From the capital of Ethiopia, Addis Ababa. On Churchill Avenue stands the statue with “The Lion of Judah”, the symbol of the former emperors of Ethiopia.
According to legend, Ethiopia’s history goes back more than 3,000 years, when it was reportedly founded by Menelik I, son of King Solomon and Queen of Sheba. However, the research tells a different story. From around the year 1000 BCE. laid immigration from the Arabian Peninsula on the basis of trading stations along the coast in the north as for about 500 BCE. led to the formation of the Aksum empire.
Under Emperor Ezana (c. 320-350), Christianity was made state religion, but Aksum gradually became more isolated from the rest of the Christian world and disintegrated in the 600s. The kingdom was replaced by the Zagwe dynasty (1137-1270), which in turn was replaced by the Solomon Kingdom. At the same time, a number of Muslim empires also emerged in the southeastern regions, with Shoa, Ifat and Adal as the most important.
The conflicts between the Muslims and the Christian kingdom gradually increased, and in 1527 the Muslim state of Adal attacked Christian Ethiopia. Military assistance from Portugal helped the Christians beat the Muslims in 1541. In the mid-18th century, Ethiopia was on the verge of dissolution, before Tewodros in 1855 managed to rally the kingdom under a centralized power. John IV took over the throne in 1871, and had to resist Egyptian, Italian and Sudanese attacks.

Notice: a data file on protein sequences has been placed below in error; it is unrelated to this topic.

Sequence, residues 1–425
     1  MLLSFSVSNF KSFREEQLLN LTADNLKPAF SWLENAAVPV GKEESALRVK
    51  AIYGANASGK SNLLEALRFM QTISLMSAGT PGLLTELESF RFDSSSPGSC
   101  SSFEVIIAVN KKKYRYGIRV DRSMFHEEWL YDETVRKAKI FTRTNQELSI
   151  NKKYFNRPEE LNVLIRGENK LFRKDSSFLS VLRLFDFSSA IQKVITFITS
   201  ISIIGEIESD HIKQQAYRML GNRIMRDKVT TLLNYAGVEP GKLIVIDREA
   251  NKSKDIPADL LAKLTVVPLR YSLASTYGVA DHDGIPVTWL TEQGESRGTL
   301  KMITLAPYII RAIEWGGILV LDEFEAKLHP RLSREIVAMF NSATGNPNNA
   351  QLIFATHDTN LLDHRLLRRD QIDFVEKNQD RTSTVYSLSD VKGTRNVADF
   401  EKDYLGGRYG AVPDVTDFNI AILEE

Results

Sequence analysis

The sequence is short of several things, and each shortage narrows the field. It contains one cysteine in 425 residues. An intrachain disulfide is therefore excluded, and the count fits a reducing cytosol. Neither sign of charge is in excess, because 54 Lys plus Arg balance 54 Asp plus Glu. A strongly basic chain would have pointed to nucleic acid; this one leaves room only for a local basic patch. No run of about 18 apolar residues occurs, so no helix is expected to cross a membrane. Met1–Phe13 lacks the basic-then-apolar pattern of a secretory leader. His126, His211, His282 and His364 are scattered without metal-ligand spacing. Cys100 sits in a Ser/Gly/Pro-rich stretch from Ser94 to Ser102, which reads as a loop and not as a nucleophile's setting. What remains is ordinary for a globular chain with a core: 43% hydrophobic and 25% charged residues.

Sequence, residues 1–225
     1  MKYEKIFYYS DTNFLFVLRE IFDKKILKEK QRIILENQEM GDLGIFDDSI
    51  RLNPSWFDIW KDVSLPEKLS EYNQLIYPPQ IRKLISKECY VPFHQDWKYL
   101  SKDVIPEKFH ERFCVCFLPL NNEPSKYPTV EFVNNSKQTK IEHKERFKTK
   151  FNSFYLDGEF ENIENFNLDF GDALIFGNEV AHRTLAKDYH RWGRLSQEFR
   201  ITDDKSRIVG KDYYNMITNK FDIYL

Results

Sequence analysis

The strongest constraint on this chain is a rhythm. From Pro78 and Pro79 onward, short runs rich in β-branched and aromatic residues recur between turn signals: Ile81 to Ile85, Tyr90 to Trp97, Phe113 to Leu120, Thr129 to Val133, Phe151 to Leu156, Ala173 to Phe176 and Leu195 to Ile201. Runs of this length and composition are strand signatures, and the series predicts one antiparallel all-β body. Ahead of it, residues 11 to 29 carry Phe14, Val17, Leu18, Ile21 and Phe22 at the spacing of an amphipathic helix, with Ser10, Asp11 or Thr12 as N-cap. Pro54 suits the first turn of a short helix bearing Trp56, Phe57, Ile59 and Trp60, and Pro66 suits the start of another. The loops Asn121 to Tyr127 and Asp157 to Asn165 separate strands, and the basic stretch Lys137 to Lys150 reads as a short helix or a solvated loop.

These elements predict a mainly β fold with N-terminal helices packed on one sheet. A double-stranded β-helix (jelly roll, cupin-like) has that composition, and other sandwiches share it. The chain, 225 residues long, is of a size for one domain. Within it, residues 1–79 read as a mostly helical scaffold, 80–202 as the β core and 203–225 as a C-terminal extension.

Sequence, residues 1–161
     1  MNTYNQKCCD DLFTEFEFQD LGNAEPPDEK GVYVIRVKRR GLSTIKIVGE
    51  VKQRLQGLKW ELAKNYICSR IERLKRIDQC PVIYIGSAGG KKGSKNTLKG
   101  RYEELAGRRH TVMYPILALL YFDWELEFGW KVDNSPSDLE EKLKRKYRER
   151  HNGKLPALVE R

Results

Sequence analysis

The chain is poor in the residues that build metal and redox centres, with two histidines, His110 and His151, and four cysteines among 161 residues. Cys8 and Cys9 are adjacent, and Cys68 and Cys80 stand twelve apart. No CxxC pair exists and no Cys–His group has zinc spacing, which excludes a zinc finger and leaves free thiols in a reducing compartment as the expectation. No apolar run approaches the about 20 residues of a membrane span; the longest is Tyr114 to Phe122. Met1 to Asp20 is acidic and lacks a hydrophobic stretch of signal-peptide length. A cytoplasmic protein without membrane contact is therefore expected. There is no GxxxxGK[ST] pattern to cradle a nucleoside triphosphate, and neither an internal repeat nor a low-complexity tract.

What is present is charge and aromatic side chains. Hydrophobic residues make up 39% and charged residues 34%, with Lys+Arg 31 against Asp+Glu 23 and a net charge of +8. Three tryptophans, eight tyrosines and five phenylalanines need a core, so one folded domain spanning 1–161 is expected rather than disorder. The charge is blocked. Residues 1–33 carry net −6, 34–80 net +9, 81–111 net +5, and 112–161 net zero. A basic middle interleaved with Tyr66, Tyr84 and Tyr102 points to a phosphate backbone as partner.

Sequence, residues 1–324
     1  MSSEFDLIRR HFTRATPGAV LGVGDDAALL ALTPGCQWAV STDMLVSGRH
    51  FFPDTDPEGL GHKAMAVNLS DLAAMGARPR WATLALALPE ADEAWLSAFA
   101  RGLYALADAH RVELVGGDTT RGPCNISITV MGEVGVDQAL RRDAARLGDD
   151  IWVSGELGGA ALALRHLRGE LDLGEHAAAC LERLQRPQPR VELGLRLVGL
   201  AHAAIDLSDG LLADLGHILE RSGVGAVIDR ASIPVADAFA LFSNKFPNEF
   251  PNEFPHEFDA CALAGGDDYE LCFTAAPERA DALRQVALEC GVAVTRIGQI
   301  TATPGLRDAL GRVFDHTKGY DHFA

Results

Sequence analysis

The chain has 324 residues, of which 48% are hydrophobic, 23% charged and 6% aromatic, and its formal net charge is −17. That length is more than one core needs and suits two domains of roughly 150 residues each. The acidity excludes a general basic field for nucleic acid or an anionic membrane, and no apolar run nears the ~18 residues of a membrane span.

At the death of Yohannes, Menelik II (1889–1913) declared himself emperor, and the power was thus moved south to Shoa. He had to defend himself against the Italians who had occupied Eritrea in 1895, and in a decisive battle at Adua, Ethiopia succeeded in defeating the invading Italian army in 1896. Menelik continued his efforts to unite Ethiopia, laying large areas in the south under the throne, thus creating the boundaries of today’s Ethiopia.
Menelik placed great emphasis on modernizing Ethiopia, and in 1887 he founded the new capital Addis Ababa. His death in 1913 led to a struggle for power. Lij Iasu was appointed a new emperor for a short period, before the power in 1916 went to Menelik’s daughter Zawditu who ruled with Ras Tafari Makonnen as regent. He was crowned emperor in 1930 under the name of Haile Selassie I. In 1936, Italians occupied Ethiopia, and Haile Selassie was forced to seek exile in London.